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If Stopped on the Street, What Should I Do?

If Stopped on the Street, What Should I Do?

With just a little "C.A.R.E." - our information can be easily remembered - by all sides - to guide any interaction: 

  • C — Comply with the law
  • A — Act orderly
  • R — Respect each other (with our words and actions)
  • E — Empathize - stand in each other's shoes

Stay Safe on the Streets.
Contest in the Courts. 

What To Do

  • Always try to carry some form of photographic identification. If stopped, the police will need to identify you. It also will be helpful to you for ordinary day-to-day purposes. You do not need a driver’s license. There are many forms of photographic identifications available (for example, governmental, business and school). 
  • Although it can be difficult, try to remain as calm and relaxed as possible.
  • Be polite and respectful. Watch your actions and your words.
  • Comply first. Do exactly what the officer asks you to do. 
  • Even if you think it is unfair or unreasonable, comply with police instructions - no matter if a police officer approaches directly, shouts from a distance, whistles from afar, or uses a siren. 
  • Make sure you inform the officer before you make any movements so he/she has time to know what you are doing and to respond.
  • Do not move towards the officer, unless asked. Generally, stand 2-3 feet away and await instructions.
  • Always keep your hands in clear view—where the officer can see them.     
  • Keep your hands open to avoid any concern that you might be about to strike the officer or are holding a weapon or illegal object.
  • Try to maintain eye contact with the officer. Keep your body, voice and expressions as calm and relaxed as possible.
  • Do not turn your back to the officer or otherwise turn away. 
  • Looking around, waving your arms, or moving your feet can make officers feel that there is a risk to their safety or the safety of others. 
  • Comply with any request to discontinue the use of your cell phone.
  • If you are smoking, the officer may ask you to put out your cigarette. You should comply with this request. Lit cigarettes have been used as a weapon. Also, smoke can interfere with the officer's ability to see the area and to do their job.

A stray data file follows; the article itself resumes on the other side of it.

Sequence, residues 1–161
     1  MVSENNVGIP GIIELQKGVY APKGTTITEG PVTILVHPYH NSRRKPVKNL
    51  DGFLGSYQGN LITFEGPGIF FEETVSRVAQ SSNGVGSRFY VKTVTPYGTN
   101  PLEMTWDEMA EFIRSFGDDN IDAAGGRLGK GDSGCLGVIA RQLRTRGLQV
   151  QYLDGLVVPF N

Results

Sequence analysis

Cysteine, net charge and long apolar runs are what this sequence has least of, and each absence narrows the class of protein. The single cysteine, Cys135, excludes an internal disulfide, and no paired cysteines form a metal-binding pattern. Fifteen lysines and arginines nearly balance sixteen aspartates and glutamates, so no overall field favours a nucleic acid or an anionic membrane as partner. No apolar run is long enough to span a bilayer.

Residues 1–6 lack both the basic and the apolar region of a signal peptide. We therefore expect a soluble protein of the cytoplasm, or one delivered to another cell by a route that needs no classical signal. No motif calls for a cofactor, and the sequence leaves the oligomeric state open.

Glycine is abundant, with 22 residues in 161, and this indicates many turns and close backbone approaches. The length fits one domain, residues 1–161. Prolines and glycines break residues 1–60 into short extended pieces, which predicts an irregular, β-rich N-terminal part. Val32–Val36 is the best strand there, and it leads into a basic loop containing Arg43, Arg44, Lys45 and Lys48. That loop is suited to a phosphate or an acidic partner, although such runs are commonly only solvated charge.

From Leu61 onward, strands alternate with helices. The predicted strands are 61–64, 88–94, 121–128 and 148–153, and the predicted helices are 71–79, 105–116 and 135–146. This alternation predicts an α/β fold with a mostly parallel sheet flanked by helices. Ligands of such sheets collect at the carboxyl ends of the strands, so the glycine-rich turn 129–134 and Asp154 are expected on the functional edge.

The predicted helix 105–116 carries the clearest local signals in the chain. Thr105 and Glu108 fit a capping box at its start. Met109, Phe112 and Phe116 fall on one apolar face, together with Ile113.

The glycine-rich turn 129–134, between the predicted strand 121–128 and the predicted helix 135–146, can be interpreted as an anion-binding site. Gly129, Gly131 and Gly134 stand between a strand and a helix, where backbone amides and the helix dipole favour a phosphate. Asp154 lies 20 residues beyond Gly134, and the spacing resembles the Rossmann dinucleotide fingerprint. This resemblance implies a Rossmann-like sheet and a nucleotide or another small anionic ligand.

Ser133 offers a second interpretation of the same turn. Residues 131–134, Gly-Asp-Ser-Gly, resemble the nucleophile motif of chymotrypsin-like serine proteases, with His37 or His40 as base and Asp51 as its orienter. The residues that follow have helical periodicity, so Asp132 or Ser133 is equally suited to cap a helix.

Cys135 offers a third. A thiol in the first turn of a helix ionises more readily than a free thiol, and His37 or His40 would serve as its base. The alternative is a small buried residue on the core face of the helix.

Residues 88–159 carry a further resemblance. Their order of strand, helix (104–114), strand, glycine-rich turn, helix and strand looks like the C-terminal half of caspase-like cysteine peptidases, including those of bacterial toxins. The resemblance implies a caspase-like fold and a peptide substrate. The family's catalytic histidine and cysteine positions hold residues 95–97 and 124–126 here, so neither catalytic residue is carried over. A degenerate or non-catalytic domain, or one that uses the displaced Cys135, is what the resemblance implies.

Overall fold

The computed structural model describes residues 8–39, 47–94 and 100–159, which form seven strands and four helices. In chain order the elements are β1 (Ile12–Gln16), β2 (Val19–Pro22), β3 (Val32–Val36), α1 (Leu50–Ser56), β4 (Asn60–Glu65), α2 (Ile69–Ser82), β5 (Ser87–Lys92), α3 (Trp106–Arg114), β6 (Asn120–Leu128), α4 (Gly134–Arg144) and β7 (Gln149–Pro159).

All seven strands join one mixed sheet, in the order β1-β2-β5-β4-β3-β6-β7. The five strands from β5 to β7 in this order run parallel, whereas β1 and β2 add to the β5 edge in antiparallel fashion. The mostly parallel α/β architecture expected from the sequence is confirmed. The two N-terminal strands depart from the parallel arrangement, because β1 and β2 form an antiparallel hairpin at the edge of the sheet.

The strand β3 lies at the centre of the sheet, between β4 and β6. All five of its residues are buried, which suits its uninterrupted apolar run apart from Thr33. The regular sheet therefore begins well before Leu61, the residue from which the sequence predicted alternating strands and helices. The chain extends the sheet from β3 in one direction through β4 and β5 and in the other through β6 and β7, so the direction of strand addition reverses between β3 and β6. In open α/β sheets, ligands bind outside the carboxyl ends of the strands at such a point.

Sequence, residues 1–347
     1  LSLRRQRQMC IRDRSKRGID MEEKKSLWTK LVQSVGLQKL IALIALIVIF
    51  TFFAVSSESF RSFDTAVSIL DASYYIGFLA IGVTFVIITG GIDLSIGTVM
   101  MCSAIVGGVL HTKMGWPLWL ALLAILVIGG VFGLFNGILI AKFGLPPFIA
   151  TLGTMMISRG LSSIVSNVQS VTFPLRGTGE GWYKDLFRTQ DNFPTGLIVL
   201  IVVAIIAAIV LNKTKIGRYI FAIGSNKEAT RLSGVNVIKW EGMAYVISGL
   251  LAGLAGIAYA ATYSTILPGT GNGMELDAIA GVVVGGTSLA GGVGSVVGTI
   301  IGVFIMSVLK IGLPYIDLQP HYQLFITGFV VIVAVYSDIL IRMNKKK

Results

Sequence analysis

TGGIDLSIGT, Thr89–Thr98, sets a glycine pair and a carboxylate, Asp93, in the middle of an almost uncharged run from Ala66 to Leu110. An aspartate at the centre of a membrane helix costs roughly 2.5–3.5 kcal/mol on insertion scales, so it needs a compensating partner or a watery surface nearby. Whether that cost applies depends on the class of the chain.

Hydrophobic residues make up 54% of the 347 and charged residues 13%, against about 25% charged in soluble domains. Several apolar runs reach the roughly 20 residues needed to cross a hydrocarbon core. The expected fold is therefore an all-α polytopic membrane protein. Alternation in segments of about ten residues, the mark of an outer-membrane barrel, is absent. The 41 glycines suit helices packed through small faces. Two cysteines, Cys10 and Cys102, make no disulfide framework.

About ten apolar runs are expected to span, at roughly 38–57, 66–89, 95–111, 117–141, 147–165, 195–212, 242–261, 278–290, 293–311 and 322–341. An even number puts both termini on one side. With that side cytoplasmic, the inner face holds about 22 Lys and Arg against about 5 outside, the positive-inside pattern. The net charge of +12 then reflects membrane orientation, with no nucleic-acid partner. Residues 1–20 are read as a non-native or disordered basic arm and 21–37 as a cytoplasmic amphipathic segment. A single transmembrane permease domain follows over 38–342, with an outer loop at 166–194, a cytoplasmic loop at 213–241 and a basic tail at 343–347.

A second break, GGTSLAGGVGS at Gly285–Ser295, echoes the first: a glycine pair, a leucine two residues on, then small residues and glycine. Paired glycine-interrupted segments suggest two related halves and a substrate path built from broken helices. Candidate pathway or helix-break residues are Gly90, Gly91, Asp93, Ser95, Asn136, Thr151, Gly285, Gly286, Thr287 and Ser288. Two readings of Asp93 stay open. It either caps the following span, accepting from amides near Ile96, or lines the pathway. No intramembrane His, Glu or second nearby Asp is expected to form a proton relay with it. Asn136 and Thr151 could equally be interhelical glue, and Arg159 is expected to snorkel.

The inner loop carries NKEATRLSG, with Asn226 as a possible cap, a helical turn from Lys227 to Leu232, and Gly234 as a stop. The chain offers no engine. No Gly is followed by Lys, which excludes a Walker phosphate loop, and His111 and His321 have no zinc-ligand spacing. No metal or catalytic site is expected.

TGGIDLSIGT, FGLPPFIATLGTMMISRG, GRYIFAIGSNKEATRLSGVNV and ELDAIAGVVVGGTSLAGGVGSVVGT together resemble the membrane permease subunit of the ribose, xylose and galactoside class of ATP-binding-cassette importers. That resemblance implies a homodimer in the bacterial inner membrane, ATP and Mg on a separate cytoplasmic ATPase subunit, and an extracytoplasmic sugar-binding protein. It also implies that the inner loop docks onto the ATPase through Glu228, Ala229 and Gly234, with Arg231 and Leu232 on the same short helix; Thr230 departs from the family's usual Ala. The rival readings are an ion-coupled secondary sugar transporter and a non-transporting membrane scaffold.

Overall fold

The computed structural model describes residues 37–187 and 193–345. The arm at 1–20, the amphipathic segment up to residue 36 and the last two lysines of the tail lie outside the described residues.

• If you have a dangerous medical condition or are ill, advise the officer immediately.
  • If you are wearing a hood, cap or dark glasses, it may be helpful to explain to the officer that you are willing to take these items off. 
  • Advise the officer immediately, if you are legally carrying a weapon or any item that may be dangerous. (This is what off-duty officers do)

What To Avoid

  • Don't give the police a reason to suspect you, fear you, distrust you, use force against you or bring additional charges. 
  • Never pretend not to hear police instructions.
  • Never try to run, flee, or hide—even if you feel scared or nervous, have somewhere to go, or feel that you are being unfairly stopped.
  • Even if you think you can avoid the police, there may be other officers in the vicinity - often in plain clothes - who will respond.
  • Fleeing from the police only leads to the potential for a dangerous chase, serious injury, and additional criminal charges. 
  • Avoid making sudden or other movements (for your wallet, for your coat, toward your waistband, etc.). These movements might give officers concern for their own or the public’s safety.
  • Do not turn your back to the officer or otherwise turn away.
  • Never resist being frisked or patted down - even when it is without your consent.
  • Never illegally carry weapons or false identification.
  • Do not carry or play with fake/toy weapons.
  • Never allow children to have toys in public that in any way could be mistaken for a weapon.